Cross-section of the hybrid magnet for the LNCMI. In green: the resistive magnets. In brown: the superconducting magnet that will be arranged in double pancake coils.
The National High Magnetic Fields Laboratory (LNCMI) in Grenoble is building a hybrid magnet capable of generating 43 teslas in a diameter of 34 mm by combining resistive magnets and a superconducting magnet. In the end of 2010, following preliminary feasibility studies, the CNRS and CEA signed a collaboration agreement putting SACM in charge of design studies and monitoring of construction of the 8.5-Tesla superconducting electromagnet. The hybrid magnet will comprise a concentric assembly of resistive magnets that will generate 34.5 teslas (Bitter coils and polyhelix coils) in the center of the superconducting solenoid to be created.
The solenoid superconducting magnet is designed with a superfluid helium channel inside its conductor, to prevent transition when there is a variation in the central field of 1 Tesla per second, corresponding to the increase and decrease of the current in the resistive magnets. This solenoid, having an internal diameter of one meter, shall be able to withstand very high levels of mechanical and electrical stress in the event that the magnetic field of the central resistive magnets is accidentally lost. In this case, the magnet will be temporarily be subject to a mechanical pulse equal to 3 times its mass (75 tonnes) and the eddy current screen will be supporting 100 times its mass (370 tonnes). These mechanical stresses and the voltages caused by the eddy currents will make it impossible to prevent the superconductor's transition in the unlikely event of this extreme accident situation. We have calculated the components so as to prevent a destruction of the cryostat and to mechanically reinforce the superconducting magnet.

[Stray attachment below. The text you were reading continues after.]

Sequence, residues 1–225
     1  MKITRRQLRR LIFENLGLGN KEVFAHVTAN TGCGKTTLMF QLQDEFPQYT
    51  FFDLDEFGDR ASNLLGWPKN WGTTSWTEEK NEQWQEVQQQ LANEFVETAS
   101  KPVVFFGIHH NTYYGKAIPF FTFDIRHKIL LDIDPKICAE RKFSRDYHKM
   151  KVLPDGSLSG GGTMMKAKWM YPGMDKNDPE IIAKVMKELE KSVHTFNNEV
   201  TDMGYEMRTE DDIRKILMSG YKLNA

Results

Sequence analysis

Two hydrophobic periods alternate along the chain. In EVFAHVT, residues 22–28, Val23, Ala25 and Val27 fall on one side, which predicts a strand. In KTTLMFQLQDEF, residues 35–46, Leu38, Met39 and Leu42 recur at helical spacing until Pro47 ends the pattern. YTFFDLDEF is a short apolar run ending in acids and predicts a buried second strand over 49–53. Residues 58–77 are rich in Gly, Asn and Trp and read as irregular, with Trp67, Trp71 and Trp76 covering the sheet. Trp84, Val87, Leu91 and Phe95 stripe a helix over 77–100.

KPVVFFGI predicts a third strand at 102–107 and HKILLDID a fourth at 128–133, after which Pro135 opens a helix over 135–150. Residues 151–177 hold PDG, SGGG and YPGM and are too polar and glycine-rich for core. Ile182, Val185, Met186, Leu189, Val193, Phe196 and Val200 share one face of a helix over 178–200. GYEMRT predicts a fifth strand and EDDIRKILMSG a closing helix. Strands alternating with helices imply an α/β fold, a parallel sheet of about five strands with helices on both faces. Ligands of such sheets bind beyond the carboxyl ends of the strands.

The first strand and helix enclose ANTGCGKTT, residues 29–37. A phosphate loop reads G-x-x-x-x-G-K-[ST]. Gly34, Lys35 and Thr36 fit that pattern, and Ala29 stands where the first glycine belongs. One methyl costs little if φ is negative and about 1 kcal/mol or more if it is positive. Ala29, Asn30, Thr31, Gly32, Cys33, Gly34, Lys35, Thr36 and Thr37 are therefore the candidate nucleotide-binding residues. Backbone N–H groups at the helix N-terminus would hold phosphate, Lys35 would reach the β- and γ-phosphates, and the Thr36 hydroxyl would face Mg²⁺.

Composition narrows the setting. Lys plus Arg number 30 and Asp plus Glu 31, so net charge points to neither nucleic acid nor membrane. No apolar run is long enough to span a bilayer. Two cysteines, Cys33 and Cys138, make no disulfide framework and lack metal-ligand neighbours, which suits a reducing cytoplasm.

The designs performed over the course of 2011–2012 covered the calculation of transient accident conditions, the design of the coil and the cryostat, and the design and development of cryomechanical support systems. These supports are very elaborate and robust enough to absorb temporary impacts while maintaining the permanent heat supply level (0.3 W) needed to keep the magnet at 1.8 K. A patent is currently being obtained for their design, which is highly innovative in terms of shape and quality of insulation with respect to their mechanical strength.
Mechanical vibration analysis of the structure of the hybrid magnet (in blue: the superconducting solenoid; in red: the resistive magnets). Vertical movements amplified by 200 at t = 7 ms after the incident. Calculations performed on a quarter of the structure using the ANSYS code based on a model initially studied by the LNCMI in 2004, then adapted and rewritten for the configuration of the current magnet by the SIS in 2012. Although the elements were all securely held in the structure, the calculations predict millimeter shifts resulting from structural deformations.